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Reflection for June 22, 2007

"He Who Does Justice Will Live in the Presence of the Lord"

Sunday Mass Readings

God promise to Abraham was fulfilled because of his generosity toward the strangers. Even though God had made the promise to Abraham that he would be the father of many nations, this promise remained unfulfilled for many years. In frustration, Abraham even had a son through his salve woman, Hagar. But now time has come for that promise to be fulfilled. And strangely enough, God came in the form of a stranger to announce the good news. This incident makes me ask a question. What would have happened if Abraham did not receive the strangers of was inhospitable toward them? I think he would have missed God’s blessing.

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Reflection for July 20, 2007

“This Day Shall be a Memorial Feast for You"


Today's Mass Readings


Today's first reading is perhaps the most important Old Testament scripture from the perpsective of the life of the Church and its Eucharistc life. This is so because today's reading discribes the very first Passover. Because of the passover lamb, the people of Israel woud be spared, whereas, the first born of all Egyptians, including that of Pharoah, would face death.

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Reflection for July 19, 2007

“I AM WHO I AM"

Today's Mass Readings

What is God’s name? Abraham did not ask that question; Isaac did not ask that question and Jacob did not ask that question. Moses dared to ask that question, though not for his own sake but only to get the mission entrusted to him some credibility. God’s answer to him was evasive, “I am who I am.”

The inability to name God should be interpreted as God’s arrogance, but rather, God’s awesomeness. Human beings are creatures; God is Creator. There is a huge difference between the two. The Israelites realized that. They called God “Yahweh,” originally YHWH (the absence of any vowels symbolize the fact that God’s name is unpronounceable. Yahweh is a word play on the Hebrew equivalent of “I am who I am.” Translated into English it could mean “to be” or “he causes to be, ” in other words, eternal.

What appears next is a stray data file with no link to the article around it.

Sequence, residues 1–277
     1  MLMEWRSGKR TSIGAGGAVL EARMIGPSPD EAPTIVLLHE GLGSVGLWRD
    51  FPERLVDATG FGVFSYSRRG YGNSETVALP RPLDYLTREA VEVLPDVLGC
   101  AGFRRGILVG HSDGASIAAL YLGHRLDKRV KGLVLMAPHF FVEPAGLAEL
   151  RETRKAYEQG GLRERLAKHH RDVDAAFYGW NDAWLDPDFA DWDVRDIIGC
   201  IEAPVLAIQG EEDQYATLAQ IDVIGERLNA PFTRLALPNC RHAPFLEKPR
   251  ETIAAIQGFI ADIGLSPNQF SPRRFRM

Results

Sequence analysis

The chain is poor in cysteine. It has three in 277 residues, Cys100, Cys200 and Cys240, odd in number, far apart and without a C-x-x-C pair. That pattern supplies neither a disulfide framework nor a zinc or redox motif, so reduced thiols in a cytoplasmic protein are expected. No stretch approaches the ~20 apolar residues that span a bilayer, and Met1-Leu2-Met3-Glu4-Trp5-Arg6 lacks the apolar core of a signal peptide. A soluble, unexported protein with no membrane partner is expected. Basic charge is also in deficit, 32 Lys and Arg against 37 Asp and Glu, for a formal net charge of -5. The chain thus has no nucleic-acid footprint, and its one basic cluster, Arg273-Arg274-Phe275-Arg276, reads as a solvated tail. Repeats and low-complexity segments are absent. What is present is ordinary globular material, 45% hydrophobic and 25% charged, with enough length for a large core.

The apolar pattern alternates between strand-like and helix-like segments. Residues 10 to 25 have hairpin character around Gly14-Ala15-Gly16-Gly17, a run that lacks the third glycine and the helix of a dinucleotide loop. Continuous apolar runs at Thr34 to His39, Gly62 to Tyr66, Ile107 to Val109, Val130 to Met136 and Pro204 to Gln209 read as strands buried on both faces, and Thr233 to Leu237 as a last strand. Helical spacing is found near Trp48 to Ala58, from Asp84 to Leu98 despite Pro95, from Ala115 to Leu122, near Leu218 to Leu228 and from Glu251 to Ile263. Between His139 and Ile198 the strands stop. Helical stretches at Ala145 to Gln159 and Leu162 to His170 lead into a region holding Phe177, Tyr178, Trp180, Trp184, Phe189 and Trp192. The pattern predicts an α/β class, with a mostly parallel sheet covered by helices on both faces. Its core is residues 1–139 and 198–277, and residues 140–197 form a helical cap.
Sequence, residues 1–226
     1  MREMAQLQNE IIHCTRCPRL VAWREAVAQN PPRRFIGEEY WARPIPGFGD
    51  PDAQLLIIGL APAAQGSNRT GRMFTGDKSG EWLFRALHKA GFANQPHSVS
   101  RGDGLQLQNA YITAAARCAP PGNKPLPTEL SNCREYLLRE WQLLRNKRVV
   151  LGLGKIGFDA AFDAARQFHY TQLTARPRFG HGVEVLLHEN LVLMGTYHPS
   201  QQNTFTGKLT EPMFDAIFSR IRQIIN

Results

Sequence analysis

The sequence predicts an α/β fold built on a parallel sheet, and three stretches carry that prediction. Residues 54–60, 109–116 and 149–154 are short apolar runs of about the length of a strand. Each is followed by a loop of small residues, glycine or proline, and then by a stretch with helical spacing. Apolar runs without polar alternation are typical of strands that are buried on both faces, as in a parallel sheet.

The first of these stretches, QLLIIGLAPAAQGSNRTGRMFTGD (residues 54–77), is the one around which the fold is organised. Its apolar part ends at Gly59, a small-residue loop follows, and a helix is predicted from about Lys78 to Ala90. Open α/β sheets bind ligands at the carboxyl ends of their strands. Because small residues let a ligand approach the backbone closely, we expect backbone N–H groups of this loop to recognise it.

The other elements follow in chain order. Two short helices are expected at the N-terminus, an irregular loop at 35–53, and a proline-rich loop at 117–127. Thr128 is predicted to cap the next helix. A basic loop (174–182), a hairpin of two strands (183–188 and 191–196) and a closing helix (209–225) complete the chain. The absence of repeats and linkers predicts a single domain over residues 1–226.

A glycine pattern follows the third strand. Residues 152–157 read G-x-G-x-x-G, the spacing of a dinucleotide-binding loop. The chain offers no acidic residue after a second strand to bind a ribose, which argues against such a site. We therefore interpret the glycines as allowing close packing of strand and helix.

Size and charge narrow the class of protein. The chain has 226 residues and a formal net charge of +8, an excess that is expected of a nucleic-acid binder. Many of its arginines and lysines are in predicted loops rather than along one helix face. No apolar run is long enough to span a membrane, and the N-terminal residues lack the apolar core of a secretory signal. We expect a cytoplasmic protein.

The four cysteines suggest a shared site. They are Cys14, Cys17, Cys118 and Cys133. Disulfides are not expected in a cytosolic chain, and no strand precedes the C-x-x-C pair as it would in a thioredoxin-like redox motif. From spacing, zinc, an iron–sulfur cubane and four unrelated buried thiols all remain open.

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Reflection for July 18, 2007

“The Lord is Kind and Merciful"

Today's Mass Readings

Of all ways in which God reveals his self in the Old Testament, the burning bush is perhaps the most spectacular and yet the most personal. As we read this reading, it is easy to get carried away with the burning bush, or God’s determination to save the people. However, equally significant is God’s self-revelation. God is Holy! Thus Moses is asked to take off his sandals. The cry of his people has become unbearable to God. Thus, as the Psalmist says in the Psalm response, “The Lord is kind and merciful.”

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Reflection for July 17, 2007

“Turn to the Lord in Your Need, and You Will Live"

Today's Mass Readings

The people of Israel finally end up becoming slaves to the Egyptians. They were slaves for almost four hundred years. But certain events must occur before they can be redeemed. Once again, as in the past, if God wanted God could free them with merely his words. But we must remember that God wants to build a Covenantal relationship with Israel. Thus God takes the first step (Moses is called into Midian). He then waits for human beings to make a free choice, so that God can redeem them.

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